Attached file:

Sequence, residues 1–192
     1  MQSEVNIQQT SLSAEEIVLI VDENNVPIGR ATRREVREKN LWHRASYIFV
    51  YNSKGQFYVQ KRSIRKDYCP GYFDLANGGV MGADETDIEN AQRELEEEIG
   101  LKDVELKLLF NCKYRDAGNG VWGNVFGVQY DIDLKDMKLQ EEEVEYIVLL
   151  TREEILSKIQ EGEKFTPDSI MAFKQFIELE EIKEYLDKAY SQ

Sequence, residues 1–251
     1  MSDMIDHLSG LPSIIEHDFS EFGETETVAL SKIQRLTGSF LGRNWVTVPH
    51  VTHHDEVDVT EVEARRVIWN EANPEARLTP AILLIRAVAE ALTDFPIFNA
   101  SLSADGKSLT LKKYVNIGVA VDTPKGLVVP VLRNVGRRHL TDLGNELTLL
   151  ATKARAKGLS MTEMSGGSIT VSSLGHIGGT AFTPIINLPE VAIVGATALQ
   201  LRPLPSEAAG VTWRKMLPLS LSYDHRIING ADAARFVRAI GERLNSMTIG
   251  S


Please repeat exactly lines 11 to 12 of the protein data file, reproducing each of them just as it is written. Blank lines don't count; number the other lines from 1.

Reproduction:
   201  LRPLPSEAAG VTWRKMLPLS LSYDHRIING ADAARFVRAI GERLNSMTIG
   251  S